How to Build Your Blogging Credibility – While Getting Paid

This is a guest post by Ali Hale. If you want to guest post on this blog, check out the guidelines here.

In your first months – or even years – of blogging, it can feel like you’re shouting into the wind.

Your traffic is almost non-existent. Your subscriber numbers are still in the double digits. Readers never email you. Bloggers never link to you. And you’re pretty sure that the “nice post, honey!” comment was left by your mom.

And you try to get some momentum going. It just doesn’t seem to work. Maybe you email a bunch of of big-time bloggers, but no-one writes back. Or you send out a guest post, but it gets turned down. Or you ask for retweets, but no-one’s listening.

The thing is, you’re a good writer. You just need a way of getting your name out there.

Well, that’s actually not too hard. In fact, you can:

  • Build up your blogging credibility
  • Improve your writing every day
  • AND … get paid at the same time.

Sounds way too good to be true? Here’s how.

Write for Big Blogs – for Money

Most large blogs use a team of paid writers to produce regular, quality content. Although Daniel doesn’t have paid staff here on Daily Blog Tips, he’s got hired hands working on Daily Writing Tips. There are thousands of blogs which pay writers – and you’re probably already reading several.

Pay rates vary, though you can certainly find plenty of gigs paying $40 or more per post. The thing is, though, getting paid to blog isn’t just about the money.

As well as getting a steady income from your writing, you’ll get some amazing exposure and experience:

  • You’ll have your name on every post you write, on big sites – and many will let you have a link back to your own blog on a “writers” page. Instead of being a complete nobody in the blogosphere, you’ll start to find that people know your name.
  • You’ll get to flex your writing muscles in front of a huge audience – often tens or hundreds of thousands of readers. Scary? You bet! But it’s also hugely motivating, and you’ll quickly learn what works and what doesn’t.
  • You’ll learn from the best. The bloggers who can afford to pay writers have build up great blogs that generate plenty of money. By studying what they do, you’ll learn how to make your own blog stronger.

Plus, you’ll have a lot of fun. My first paid blogging gig was three years ago this month (and I’m still writing for that blog, too!) It’s been a fantastic journey that led me to quit my day job, sell advertising, create ebooks and ecourses, and make a living as an entrepreneurial writer.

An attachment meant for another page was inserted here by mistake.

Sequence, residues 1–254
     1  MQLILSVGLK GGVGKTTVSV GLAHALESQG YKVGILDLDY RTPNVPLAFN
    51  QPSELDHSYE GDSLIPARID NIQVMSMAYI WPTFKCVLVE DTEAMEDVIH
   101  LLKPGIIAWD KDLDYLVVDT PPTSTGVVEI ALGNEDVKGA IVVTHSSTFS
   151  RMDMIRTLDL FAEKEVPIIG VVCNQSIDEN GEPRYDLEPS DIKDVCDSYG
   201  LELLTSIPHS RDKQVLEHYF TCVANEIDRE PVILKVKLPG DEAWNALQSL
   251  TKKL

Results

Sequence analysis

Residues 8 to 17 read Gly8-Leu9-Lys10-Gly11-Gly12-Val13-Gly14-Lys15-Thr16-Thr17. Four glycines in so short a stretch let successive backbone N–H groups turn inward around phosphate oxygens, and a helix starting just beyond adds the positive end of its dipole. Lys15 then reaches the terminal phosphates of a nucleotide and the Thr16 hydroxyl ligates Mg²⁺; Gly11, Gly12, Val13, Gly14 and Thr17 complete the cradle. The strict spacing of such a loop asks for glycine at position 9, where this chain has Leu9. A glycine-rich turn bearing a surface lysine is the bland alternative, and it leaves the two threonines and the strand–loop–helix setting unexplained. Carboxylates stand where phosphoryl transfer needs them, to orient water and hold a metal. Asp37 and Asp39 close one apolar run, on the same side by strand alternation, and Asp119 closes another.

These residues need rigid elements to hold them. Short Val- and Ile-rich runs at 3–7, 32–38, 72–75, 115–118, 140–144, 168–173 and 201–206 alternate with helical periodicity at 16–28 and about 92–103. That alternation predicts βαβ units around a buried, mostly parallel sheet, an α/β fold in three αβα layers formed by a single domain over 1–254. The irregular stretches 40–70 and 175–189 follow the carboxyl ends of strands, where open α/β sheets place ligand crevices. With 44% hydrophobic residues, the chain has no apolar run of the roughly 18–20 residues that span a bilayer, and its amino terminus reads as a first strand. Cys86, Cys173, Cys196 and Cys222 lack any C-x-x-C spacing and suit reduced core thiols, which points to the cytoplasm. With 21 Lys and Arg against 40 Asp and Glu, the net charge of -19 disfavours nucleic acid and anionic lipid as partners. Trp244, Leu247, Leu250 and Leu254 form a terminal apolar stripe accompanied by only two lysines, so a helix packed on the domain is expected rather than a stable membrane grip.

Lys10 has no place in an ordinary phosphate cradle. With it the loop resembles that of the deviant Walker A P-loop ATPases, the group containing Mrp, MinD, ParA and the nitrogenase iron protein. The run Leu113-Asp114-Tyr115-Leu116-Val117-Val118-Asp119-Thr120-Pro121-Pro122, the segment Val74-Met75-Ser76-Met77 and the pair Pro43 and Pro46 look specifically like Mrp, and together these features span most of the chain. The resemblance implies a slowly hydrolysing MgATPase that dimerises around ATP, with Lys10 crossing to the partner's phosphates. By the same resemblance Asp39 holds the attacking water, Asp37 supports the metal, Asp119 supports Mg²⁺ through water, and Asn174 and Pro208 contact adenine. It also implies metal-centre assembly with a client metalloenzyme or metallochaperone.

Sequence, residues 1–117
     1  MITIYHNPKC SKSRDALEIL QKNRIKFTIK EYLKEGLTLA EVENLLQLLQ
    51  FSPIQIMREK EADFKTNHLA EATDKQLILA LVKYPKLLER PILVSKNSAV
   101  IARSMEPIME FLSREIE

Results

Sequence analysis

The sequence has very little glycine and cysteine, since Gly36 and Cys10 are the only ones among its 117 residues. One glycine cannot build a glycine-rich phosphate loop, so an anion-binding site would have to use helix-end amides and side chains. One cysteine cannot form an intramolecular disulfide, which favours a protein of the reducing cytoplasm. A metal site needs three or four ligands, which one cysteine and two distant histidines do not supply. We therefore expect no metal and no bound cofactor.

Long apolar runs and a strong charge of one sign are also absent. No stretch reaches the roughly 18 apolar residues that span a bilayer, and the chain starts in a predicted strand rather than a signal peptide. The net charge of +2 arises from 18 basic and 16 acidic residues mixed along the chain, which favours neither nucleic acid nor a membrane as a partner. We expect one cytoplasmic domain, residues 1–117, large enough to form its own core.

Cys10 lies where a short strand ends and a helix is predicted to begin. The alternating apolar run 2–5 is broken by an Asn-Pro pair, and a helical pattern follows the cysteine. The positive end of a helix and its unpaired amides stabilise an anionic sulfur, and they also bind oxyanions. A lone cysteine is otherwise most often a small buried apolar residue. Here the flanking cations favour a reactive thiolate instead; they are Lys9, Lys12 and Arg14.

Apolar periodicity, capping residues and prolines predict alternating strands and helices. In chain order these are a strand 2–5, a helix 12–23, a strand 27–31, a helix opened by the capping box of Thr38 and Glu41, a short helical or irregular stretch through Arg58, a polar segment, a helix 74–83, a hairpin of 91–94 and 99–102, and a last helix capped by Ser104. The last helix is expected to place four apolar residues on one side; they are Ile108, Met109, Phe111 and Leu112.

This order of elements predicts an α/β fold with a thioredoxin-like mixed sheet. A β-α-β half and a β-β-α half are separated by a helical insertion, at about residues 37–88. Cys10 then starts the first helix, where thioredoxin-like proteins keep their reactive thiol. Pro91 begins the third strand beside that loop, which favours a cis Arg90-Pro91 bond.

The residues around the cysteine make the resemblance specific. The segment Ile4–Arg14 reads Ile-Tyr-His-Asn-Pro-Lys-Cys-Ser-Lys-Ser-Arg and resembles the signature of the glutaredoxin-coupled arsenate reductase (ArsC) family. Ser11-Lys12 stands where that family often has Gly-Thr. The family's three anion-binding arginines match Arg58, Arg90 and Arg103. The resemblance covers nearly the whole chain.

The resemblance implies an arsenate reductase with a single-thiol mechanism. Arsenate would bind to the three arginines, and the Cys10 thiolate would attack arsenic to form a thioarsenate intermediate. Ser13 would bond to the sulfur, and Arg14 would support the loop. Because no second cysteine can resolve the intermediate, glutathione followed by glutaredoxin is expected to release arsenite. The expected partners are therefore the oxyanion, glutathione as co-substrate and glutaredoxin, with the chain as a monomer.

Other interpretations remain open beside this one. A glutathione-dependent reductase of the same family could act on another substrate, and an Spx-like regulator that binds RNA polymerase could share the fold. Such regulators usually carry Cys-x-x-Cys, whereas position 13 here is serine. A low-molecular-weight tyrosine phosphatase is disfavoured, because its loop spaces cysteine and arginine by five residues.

The only problem is, it’s pretty unlikely that anyone’s going to email you and say “Hey, I’ve got a blogging job for you.” You’re going to need to do a bit of work.

Get On Course for a Blogging Job – Today

Landing a blogging job isn’t too hard. There are a couple of key ways to do it:

#1: Build Up a Relationship With Blogs that Pay Writers

Let’s say you read FreelanceSwitch – and you’d love to write for them.

How can you tell that they use paid writers?

Well, for one thing, you’ll see the same names cropping up again and again. For instance, Thursday Bram has posts there pretty much every week.

And there’s an even bigger clue, too: the Contribute page (which tells you they pay $50 per post)

Not all blogs tell you that they use paid writers – but if you see the same name coming up every single week, it’s a fair bet that they’re being paid.

If you demonstrate your writing skills to the blog’s owner – probably by sending in a guest post or two – then there’s a good chance that they’ll be more than happy to let you know when a vacancy opens up. Current writers move on, and blogs grow, so you’ve got a good chance of scoring a blogging job this way.

Of course, you can’t normally be certain that a particular blog is looking to hire. So you might want to use the next method instead – or even better, as well.

#2: Use Job Boards to Find Blogging Jobs

There are several great listings of blogging jobs, but the two best (in my opinion) are:

Both have new jobs every day – Problogger only lists jobs which are specifically sent to them, and Freelance Writing Jobs compiles different leads from all around the internet.